It turns out, though, time doesn’t actually protect itself. Someone does the protecting. Specifically, in this case, former Flash villain Eobard Thawne, who after a quick time-stopped fight with Sara, loops her in on his recent history over a beer. We find out that instead of dying at the hands of Black Flash, Thawne was grabbed by the Time Wraiths, “re-educated,” and parked at this particular moment, sworn to protect it.
This fits with this show’s history of rehabilitating long-term villains. Hell, even Vandal Savage, in the deepest pits of hell, turned into a board game nerd and Ray Palmer’s best friend by the time they were done with him. It shouldn’t be surprising that time terror Professor Zoom came around eventually.
What is surprising is how it was done: forcibly. Or at least it sounds that way. “Re-education” isn’t something that sounds particularly fun (or compatible with free will if we’re nitpicking). Zoom’s return asks a whole BUNCH of questions, some of which are fundamental to the premise of the show. If the Time Wraiths are protecting the timeline, then what the hell have the Legends been doing all along? Why are they only just finding out about these ghostly, atemporal fascists? We know the show only cares about time travel rules when it furthers the story (as they should! No criticism), so did the Time Wraiths take on stewardship of fixed points because of something Gideon (or Dark Gideon) did?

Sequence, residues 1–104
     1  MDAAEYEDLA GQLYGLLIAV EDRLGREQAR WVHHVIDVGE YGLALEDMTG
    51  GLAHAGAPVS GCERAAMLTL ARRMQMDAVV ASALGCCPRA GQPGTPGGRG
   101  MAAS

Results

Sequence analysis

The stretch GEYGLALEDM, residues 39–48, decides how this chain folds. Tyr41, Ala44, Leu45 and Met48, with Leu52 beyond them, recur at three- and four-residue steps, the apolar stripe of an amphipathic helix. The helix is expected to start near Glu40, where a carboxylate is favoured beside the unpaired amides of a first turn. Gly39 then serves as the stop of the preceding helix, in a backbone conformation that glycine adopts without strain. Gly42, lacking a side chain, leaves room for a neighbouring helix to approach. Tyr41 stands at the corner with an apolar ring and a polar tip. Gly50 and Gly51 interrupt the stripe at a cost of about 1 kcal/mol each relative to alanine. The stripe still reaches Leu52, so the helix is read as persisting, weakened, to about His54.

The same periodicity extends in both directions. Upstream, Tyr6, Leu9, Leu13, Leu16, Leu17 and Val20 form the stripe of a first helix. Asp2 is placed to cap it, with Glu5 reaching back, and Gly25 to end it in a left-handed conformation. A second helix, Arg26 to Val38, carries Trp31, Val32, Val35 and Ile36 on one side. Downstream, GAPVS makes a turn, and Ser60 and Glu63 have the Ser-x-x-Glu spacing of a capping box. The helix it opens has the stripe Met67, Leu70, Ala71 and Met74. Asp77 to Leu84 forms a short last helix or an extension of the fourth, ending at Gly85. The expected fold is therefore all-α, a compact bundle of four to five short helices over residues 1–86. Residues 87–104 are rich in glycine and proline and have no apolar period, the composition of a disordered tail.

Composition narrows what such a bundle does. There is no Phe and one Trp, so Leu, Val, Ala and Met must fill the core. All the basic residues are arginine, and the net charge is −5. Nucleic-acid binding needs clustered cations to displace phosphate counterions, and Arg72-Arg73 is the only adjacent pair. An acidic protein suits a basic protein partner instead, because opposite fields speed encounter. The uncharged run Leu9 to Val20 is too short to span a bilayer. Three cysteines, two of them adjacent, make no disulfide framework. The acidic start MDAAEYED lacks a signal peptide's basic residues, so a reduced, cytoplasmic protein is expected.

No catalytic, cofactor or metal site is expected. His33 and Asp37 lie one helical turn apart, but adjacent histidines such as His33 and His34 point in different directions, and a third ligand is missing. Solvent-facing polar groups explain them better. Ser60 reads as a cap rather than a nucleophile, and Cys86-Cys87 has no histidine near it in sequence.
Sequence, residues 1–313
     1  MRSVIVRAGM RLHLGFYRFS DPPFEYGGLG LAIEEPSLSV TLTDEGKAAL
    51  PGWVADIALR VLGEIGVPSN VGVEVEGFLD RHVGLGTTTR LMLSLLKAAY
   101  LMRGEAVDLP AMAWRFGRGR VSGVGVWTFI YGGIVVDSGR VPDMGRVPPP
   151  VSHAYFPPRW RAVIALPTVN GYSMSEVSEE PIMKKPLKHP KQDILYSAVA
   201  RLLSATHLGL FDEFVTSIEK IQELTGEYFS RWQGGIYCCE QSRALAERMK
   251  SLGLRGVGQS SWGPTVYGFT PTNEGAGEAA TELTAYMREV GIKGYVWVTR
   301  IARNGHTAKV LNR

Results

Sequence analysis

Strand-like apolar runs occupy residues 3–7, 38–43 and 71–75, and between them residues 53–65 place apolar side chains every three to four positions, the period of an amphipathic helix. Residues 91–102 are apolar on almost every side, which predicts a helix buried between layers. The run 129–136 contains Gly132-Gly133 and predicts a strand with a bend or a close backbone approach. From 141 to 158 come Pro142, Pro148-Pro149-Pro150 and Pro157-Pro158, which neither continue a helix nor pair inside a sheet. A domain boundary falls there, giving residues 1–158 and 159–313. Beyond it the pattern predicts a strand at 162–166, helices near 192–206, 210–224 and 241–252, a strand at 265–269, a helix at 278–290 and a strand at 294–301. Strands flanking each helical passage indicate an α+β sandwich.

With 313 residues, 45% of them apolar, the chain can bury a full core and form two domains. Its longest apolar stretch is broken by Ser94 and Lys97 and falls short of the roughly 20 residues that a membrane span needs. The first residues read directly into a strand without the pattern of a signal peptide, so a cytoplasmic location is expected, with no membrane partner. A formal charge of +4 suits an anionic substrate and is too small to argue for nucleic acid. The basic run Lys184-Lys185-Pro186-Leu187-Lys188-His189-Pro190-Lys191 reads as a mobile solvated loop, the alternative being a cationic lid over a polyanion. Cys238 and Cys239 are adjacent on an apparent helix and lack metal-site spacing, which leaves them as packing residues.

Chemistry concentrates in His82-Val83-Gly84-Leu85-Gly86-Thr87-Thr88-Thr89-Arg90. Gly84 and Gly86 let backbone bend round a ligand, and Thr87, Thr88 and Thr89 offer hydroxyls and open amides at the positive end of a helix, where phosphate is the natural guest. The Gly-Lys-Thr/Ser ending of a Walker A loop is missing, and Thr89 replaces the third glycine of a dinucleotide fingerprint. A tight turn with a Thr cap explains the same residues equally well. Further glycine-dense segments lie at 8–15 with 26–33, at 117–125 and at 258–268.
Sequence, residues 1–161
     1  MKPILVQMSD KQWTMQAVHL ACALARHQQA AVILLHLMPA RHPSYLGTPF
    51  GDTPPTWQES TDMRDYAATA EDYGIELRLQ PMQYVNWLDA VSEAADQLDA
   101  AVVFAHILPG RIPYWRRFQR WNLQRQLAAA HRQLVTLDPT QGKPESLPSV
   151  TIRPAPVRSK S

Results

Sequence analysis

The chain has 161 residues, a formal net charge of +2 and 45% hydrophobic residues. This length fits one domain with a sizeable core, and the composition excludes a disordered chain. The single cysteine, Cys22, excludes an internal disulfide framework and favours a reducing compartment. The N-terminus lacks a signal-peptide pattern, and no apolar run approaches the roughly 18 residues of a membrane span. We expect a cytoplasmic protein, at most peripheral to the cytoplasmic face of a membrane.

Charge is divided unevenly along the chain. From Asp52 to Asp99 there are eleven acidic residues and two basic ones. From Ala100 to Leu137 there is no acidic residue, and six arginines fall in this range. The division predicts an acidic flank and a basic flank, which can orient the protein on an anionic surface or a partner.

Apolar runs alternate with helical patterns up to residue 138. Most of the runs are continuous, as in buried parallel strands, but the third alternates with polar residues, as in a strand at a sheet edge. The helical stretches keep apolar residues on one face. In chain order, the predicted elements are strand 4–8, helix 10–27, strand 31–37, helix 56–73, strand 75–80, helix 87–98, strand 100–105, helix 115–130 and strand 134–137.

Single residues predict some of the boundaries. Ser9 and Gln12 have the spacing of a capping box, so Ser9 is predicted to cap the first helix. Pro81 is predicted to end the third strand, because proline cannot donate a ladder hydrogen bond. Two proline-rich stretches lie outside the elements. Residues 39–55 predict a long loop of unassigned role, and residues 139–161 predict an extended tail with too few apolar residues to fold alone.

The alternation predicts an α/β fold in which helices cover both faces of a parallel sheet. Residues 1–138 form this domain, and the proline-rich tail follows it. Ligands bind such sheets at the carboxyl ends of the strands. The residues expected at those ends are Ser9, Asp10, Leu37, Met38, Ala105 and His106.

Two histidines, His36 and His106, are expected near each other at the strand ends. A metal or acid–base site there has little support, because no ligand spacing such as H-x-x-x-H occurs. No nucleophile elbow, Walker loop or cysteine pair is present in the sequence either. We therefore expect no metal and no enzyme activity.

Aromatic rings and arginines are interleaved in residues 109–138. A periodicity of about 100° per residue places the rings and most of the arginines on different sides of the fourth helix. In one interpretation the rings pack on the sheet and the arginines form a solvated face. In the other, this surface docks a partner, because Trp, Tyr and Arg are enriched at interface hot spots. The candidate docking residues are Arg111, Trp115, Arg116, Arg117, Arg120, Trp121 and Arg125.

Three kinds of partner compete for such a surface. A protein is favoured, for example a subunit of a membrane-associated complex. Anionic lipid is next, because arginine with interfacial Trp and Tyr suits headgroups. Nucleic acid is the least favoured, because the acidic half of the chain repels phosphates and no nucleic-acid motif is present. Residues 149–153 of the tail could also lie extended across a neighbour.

The good thing about these questions is they all feel like ones we’re supposed to ask. I think the crew of DC’s Legends of Tomorrow has done enough good work where we can trust they know what they’re doing and get ready to enjoy the ride. Every season of this show has a couple of plot-mover episodes, and this one was one of the most entertaining it’s ever done.